Dear CentOS enthusiast,
We hope you are all doing well and staying healthy, and, as always, thank you for being part of this great community.
After a great deal of work with Red Hat Legal, we are pleased to announce our new project licencing policy. This is an important step as we continue to move towards accepting more contributions in CentOS Stream - https://blog.centos.org/2020/04/new-centos-project-licensing-policy/
We're also delighted to welcome Pat and Thomas as new members of the CentOS Board of Directors - https://blog.centos.org/2020/04/welcome-to-our-new-board-members/
If you are involved in contributing to CentOS in any way, we ask that you take a moment to read the description of the work on SIG Authentication retooling - https://blog.centos.org/2020/05/sig-authentication-retooling/
CentOS Stream Updates:
CentOS Stream is working to get further ahead than in the past. Previously there were times when the content set of CentOS Stream reset to being ahead only with the Kernel and systemd. We recently pushed a batch of almost 100 source packages intended for the Red Hat Enterprise Linux 8.3 nightly development snapshots. Over the next period of time we expect to focus on pushing more batches into Stream until we're fully caught up with those nightly snapshots.
To give feedback on this content, you can open Red Hat Bugzillas directly against the CentOS Stream component.
Our friends at CPE - Community Platform Engineering - have been posting weekly updates on their progress on the Fedora and CentOS infrastructure and engineering.
We issued the following CESA (CentOS Errata and Security Advisories) during April:
We issued the following CEBA (CentOS Errata and Bugfix Advisories) during April:
Last week we “attended” Red Hat Summit, where we had a number of video presentations, and a well-attended “Ask The Expert” session with Brian Stinson about CentOS Stream. All of this content is available online. Go to https://redhat.com/summit (register for free and log in), then click “Explore” and you’ll see the Fedora/CentOS room there, with video and printed content about our projects.
We’ve also posted the videos to YouTube - https://www.youtube.com/theCentosProject - subscribe today to be notified when we post new content there.
Coming up, we have an AMA - Ask Me Anything - in the works for our Reddit community, https://www.reddit.com/r/CentOS/ We don’t have a date confirmed yet, but we’ll be announcing it there, as well as to the other usual places - Twitter, Facebook, the Blog and the Forums - so subscribe to one or more of those places to find out when that’s coming.
We will soon be announcing our participation in DevConf.US, the annual developer conference. We intend to have a virtual CentOS Dojo as part of that event, and will be announcing our call for presentations soon.
The SIGs - special interest groups - are where most of the interesting stuff in CentOS happens. They are communities packaging and testing layered projects on top of CentOS, and ensuring that they work reliably.
Packaging and maintaining different FOSS based Private cloud infrastructure applications that one can install and run natively on CentOS.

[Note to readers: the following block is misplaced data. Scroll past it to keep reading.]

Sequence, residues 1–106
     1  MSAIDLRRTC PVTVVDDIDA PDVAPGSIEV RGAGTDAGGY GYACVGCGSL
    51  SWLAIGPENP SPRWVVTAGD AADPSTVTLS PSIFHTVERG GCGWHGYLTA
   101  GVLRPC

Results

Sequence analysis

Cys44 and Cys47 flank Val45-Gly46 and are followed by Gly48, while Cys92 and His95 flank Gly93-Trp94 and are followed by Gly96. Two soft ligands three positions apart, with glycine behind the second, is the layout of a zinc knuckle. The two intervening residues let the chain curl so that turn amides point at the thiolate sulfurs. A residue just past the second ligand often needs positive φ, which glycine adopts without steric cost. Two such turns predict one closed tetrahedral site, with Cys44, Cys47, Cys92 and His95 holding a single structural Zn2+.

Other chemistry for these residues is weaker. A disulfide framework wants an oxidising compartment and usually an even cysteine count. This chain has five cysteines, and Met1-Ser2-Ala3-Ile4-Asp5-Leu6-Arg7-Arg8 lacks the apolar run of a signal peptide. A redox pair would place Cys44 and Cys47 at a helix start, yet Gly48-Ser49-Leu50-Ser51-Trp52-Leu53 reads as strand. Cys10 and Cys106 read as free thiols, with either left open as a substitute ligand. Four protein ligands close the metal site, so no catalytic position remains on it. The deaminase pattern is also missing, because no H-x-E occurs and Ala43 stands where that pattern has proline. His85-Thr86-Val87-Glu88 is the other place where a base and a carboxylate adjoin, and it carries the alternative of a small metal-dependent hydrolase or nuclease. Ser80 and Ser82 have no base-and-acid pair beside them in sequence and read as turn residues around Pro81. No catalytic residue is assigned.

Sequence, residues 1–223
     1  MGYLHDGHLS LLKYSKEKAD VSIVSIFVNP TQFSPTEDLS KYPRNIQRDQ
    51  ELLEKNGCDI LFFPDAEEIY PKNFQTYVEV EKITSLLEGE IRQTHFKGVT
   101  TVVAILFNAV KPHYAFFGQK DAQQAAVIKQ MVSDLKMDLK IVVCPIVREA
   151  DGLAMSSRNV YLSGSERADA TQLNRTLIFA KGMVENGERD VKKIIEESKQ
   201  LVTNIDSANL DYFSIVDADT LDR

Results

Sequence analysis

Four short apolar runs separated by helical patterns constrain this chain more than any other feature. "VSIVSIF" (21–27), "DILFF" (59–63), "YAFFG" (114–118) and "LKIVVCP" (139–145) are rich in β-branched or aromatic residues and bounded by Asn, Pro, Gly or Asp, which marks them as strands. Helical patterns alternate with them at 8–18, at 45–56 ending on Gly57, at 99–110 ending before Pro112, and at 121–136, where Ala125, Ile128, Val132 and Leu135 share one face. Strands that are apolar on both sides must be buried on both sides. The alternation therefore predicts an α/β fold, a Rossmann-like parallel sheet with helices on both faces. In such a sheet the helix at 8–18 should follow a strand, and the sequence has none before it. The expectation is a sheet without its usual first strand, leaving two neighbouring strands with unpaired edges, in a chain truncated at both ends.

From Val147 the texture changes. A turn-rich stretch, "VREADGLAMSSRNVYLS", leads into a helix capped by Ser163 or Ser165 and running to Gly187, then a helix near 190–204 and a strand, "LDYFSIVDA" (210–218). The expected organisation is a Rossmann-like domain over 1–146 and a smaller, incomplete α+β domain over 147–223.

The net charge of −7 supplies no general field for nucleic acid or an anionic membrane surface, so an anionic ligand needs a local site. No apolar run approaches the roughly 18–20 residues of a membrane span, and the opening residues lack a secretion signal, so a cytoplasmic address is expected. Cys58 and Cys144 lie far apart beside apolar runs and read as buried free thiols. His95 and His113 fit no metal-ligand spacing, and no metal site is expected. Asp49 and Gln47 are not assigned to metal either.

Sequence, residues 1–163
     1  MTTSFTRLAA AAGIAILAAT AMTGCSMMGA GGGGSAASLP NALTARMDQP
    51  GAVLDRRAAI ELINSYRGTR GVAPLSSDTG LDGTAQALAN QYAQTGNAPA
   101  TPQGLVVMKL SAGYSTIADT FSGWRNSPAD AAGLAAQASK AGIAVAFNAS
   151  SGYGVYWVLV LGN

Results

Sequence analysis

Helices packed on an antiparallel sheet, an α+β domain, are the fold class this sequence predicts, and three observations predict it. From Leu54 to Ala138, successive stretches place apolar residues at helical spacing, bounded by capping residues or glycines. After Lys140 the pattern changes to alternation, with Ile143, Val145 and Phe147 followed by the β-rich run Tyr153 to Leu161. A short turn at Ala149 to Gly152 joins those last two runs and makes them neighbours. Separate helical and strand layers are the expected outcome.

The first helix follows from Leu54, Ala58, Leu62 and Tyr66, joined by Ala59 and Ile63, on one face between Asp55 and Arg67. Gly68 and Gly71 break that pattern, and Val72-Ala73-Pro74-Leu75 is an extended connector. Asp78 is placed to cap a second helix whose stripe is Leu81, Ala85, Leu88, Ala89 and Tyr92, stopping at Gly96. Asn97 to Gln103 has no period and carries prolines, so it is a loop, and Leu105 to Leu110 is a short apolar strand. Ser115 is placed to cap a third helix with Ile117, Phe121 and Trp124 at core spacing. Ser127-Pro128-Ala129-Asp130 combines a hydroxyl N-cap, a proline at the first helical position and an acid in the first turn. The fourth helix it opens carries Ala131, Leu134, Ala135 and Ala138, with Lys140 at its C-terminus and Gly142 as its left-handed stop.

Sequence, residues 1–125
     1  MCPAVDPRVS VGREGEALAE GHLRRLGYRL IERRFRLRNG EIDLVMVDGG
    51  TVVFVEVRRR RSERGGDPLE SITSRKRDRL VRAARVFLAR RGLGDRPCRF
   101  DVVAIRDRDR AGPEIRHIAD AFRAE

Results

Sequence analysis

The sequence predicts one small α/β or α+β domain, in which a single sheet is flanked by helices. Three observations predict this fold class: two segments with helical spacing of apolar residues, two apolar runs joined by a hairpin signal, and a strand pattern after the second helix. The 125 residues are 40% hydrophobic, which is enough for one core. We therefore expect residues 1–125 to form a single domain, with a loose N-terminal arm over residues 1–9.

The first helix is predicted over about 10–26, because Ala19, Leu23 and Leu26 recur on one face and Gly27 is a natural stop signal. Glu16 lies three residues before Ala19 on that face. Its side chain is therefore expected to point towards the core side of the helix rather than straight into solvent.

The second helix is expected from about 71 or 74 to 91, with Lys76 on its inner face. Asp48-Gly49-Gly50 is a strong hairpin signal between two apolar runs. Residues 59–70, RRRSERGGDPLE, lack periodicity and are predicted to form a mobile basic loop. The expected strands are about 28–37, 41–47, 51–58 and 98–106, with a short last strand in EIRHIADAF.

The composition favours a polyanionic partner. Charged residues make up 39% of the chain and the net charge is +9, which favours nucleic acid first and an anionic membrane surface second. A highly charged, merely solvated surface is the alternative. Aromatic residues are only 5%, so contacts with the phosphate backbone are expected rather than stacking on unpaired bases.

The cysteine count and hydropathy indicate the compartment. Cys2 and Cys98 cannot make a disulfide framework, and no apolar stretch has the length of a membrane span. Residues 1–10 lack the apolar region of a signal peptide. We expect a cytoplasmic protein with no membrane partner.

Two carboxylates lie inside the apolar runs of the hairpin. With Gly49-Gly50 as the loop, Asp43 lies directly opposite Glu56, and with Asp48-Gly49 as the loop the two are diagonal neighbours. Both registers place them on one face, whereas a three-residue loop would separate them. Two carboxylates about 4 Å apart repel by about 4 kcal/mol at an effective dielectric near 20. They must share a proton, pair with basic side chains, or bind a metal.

We are always looking for new members, especially representation from other cloud technologies.
No SIG members have been added in this quarter. However, the SIG membership list was updated on the SIG wiki page to reflect reality.
Aug 27 - Aug 31 Train Release https://blogs.rdoproject.org/2019/10/rdo-train-released/
Interesting things in the Train release include:
Openstack Ansible, which provides ansible playbooks and roles for deployment, added murano support and fully migrated to systemd-journald from rsyslog. This project makes deploying OpenStack from source in a way that makes it scalable while also being simple to operate, upgrade, and grow.
Ironic, the Bare Metal service, aims to produce an OpenStack service and associated libraries capable of managing and provisioning physical machines in a security-aware and fault-tolerant manner. Beyond providing basic support for building software RAID and a myriad of other highlights, this project now offers a new tool for building ramdisk images, ironic-python-agent-builder.
Other improvements include:
Tobiko is now available within RDO! This project is an OpenStack testing framework focusing on areas mostly complementary to Tempest. While the tempest main focus has been testing OpenStack rest APIs, the main Tobiko focus would be to test OpenStack system operations while “simulating” the use of the cloud as the final user would. Tobiko’s test cases populate the cloud with workloads such as instances, allows the CI workflow to perform an operation such as an update or upgrade, and then runs test cases to validate that the cloud workloads are still functional.
Other highlights of the broader upstream OpenStack project may be read via https://releases.openstack.org/train/highlights.html.
Jun 01 - Jun 05 Victoria Release Virtual Project Team Gathering https://www.openstack.org/ptg/
The Cloud SIG remains fairly healthy. However, it is still, for the most part, a monoculture containing only OpenStack.
We have no issues to bring to the board’s attention at this time.